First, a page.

LiftBuster's blog View Details
Posted by LiftBuster | Jan 06, 2012 @ 05:58 PM | 5,523 Views
Fascinating contemporary article about the 'Hiller' of 'Bell Hiller'. Mechanix Illustrated, December 1944. Definite inspiration for tinkerers and engineers.
Posted by LiftBuster | Sep 05, 2011 @ 07:52 PM | 5,553 Views
RC drives LiPo development.....LiPo's in turn drive manned flight developments. Sweet!
Posted by LiftBuster | Mar 13, 2011 @ 01:48 PM | 7,415 Views

Name: Test_Stand_Sensor_Area_ANNOT_rev1.jpg
Views: 349
Size: 93.9 KB
Description: Test Stand in 2009. It looks exactly the same in 2011.

note to readers: This is the third of a three part entry. It's likely to get edited for typo's, errors, and additional data , as were the previously posted parts I & II. When all three have stabilized I will knit them together into one blog entry.

last edited: Mar 26 2011, worked example blade-motor match added


This test stand was born out of the frustration of trying to find a set of rotor blades that was a good match to a semi-scratch fixed pitch RC heli. The LHS was no help at all on anything that wasn't on the shelf, or even where to go looking. And while the online offerings were numerous, about the only specification available for rotor blades was their diameter.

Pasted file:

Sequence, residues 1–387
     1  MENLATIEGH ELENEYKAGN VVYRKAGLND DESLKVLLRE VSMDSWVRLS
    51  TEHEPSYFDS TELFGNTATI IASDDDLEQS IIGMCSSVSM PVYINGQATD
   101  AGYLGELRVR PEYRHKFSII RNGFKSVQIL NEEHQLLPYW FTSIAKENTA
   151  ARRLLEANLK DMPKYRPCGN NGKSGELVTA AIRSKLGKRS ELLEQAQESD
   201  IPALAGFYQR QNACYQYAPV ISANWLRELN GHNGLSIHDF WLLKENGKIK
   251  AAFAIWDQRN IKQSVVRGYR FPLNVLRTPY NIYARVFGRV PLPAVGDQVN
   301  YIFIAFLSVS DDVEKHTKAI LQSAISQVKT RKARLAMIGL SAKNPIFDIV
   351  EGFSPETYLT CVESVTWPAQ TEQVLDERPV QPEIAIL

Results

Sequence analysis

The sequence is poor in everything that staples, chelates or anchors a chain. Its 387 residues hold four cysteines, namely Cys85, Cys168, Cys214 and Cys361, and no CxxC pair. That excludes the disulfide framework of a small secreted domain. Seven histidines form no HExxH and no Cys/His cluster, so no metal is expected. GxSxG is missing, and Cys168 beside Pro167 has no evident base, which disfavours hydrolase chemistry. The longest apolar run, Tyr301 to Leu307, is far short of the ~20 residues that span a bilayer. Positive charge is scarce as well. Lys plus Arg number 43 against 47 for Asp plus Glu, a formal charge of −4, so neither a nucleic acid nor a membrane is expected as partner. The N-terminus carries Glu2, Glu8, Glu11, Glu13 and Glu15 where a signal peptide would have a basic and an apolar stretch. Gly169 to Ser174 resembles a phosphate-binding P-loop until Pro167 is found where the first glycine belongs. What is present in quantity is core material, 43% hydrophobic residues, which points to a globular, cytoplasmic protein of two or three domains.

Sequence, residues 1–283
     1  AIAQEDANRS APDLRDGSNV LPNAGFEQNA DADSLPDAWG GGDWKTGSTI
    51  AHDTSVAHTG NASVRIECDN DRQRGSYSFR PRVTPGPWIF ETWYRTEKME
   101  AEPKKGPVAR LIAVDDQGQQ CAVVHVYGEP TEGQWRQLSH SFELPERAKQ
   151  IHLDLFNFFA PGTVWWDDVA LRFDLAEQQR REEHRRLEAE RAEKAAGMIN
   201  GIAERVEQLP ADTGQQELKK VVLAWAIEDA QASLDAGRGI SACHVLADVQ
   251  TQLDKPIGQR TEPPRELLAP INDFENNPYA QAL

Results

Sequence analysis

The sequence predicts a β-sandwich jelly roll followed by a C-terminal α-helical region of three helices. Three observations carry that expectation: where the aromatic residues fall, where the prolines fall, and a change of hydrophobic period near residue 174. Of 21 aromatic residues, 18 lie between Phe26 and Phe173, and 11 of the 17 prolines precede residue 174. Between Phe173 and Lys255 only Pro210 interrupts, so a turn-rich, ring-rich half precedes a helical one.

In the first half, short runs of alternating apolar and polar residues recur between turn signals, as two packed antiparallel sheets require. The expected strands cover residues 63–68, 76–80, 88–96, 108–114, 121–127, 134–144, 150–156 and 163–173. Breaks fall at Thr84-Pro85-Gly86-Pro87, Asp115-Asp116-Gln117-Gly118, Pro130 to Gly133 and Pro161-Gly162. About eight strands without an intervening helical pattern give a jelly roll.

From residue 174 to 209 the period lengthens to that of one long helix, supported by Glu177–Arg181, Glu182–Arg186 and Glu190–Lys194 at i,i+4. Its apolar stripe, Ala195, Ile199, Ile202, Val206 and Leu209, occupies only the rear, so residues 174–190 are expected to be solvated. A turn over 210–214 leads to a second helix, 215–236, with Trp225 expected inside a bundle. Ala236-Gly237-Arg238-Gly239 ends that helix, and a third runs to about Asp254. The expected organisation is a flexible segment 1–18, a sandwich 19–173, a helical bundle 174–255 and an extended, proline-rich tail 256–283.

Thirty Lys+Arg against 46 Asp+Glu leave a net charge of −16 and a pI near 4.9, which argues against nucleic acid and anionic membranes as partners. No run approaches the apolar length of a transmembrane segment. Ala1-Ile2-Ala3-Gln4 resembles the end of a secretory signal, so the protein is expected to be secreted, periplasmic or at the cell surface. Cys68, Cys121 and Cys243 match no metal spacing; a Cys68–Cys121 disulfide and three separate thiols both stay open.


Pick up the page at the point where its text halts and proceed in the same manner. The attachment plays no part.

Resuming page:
The message was: Buy a Brand XYZ Heli, Buy Brand XYZ replacement blades. Or third party replacements for Brand XYZ. Maybe you shave a little here and there and see if it works better (or worse).

Matching a rotor to a heli is a puzzle, and a very large piece of that puzzle is the rotor blade characteristics of lift vs. rpm, torque vs. rpm, and shaft power vs. rpm. Most plastic FP blades have curl, taper, and twist (i.e. shift in angle of attack as you go out toward the tip) making their characteristics very difficult to estimate even when you can get the dimensional specs for them. Who wants to do all that math anyway? So I built the test stand to simply measure the characteristics of a whole mounted...Continue Reading